44% Of Employees “Unsatisfied”

Wednesday, 30. May 2012

According to a recent article at Forbes.com, 44% of employees are unsatisfied with their current jobs. As Susan Adams writes in her article, “New Survey: Majority of Employees Dissatisfied”, even while unhappy, many employees feel stuck, afraid to make a career change, due largely to the current job economy.

Most articles you will read about professionally written resumes will focus on how to get a potential employer’s attention. Very few give tips on making sure the right employer pays attention…and the wrong ones don’t.

For instance, many people say that I am a team player. But really, that is just a code word for loyalty. Not everyone plays well in a team and not every workplace is good for team players. Some people work better on their own, and some workplaces leave employees to work on their own. Some individual bosses like to micromanage, while others like to give direction and kick you out of the nest.

In order to find a work environment that will make you happy you need to be upfront, honest, and specific about your preferred working style. Many new hires have the tendency to try to be the type of worker that they think the employer is looking for, even if they know it will not make them happy in the long run.

Catering your perceived working style and preferences to a new employer will not help you to attract the right kind of employers, the ones you would actually enjoy working for.

By not being upfront about your work environment preferences you will likely become one of the 44% – dissatisfied with the one thing you spend the most waking hours doing, your job.

Bitches Don’t Get Hired

Tuesday, 26. April 2011

I was reading an interesting post by Deb Ng, Why B**ch Isn’t a Selling Point. Basically, she notes that a lot of women are proclaiming out loud their inner bitch. Is this a good thing? Obviously the people proclaiming it think it is. Deb disagrees.

And so do I.

Sure, it’s good for a laugh with close friends. “Ha ha ha, I’m a bitch.” With strangers…not so much. If anything, it will make them keep clear of you. What might be going through their heads?

“No way, this women is likely to bite my head off.”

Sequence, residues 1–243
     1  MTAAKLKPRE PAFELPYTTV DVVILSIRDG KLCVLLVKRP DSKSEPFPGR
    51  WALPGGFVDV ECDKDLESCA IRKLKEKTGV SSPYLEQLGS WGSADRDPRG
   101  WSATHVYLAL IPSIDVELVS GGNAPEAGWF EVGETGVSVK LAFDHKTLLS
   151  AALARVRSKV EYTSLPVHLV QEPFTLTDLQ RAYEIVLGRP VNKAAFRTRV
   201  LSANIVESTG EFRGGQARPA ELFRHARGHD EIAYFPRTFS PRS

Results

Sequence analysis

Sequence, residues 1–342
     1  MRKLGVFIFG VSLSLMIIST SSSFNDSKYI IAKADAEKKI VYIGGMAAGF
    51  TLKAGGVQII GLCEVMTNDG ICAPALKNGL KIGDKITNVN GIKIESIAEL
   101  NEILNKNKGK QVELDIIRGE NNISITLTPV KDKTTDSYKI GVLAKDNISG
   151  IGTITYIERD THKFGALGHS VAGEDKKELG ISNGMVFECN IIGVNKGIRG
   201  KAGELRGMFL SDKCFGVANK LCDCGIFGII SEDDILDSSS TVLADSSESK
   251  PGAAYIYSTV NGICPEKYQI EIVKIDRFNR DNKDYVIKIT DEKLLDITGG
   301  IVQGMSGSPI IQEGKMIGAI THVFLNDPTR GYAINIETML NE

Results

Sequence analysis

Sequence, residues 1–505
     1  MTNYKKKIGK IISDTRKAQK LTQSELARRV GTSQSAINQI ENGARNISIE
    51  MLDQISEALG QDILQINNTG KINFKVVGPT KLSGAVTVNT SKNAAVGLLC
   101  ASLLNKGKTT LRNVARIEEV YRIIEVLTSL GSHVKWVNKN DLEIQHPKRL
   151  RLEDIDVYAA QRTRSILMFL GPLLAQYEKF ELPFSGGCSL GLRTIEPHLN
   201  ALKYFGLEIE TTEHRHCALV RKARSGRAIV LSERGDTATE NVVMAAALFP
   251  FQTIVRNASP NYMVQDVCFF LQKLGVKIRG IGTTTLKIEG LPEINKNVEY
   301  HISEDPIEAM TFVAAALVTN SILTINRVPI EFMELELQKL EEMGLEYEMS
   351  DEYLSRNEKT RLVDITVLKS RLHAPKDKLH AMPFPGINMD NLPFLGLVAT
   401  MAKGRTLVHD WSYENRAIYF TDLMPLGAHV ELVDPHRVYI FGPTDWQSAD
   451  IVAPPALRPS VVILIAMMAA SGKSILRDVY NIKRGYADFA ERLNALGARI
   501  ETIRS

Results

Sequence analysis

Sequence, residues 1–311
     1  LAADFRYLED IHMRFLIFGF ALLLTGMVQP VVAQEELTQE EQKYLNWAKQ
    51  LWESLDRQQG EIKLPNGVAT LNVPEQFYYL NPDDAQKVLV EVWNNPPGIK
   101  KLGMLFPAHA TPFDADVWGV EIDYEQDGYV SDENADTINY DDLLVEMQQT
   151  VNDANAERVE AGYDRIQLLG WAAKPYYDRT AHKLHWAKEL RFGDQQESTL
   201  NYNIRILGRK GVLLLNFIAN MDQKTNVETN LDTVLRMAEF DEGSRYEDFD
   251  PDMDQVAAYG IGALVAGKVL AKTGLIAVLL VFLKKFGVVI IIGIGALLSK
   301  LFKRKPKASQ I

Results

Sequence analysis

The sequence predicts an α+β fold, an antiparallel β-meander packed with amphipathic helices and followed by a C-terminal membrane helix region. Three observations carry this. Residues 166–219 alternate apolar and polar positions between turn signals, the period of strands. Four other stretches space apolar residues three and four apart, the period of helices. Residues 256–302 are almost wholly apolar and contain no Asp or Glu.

“Not worth talking to her.”

“If she has to proclaim herself to be a bitch, what will she do to me to try to prove it?”

Interviewing the Bitch

And so we come to that job interview. Do you wish to proclaim yourself to be a bitch – somebody that people want to avoid?

“Do you work well with others?”

“No, I’m a bitch.”

“Would you describe yourself as a team player?”

“No, I’m a bitch.”

“How would you deal with a difficult fellow employee.”

“I am that difficult employee; I’m a bitch.”

Before the Interview

I know what you’re thinking. Just because someone proclaims her inner bitch, doesn’t mean they’ll do so in a job interview. That is so true…mostly because those people will rarely get a job interview. Prospective employers have no interest in interviewing someone who will almost certainly become a problem employee.

They will see what you have said – and how you talk! – on FaceBook, Twitter and MySpace.

They will check out your photos online.

They will read you blog posts.

And they might even read it between the lines in your resume or cover letter (another good reason to hire a professional resume writer, to ensure you set the right tone – the tone of a desirable employee).

Sorry. You might think it’s cool, but nobody wants to hire a bitch. And nobody wants one around as a co-worker.

Remember what your Momma said years ago – “If you can’t say something nice about somebody, don’t say anything at all.” Polite is still in. It was in 4000 years ago. It was in last week. It will be in when your grand children retire. Now is the time to make sure the image you project is one people will appreciate…before you need to find a new job.

This post was featured in Integrated Finance carnival.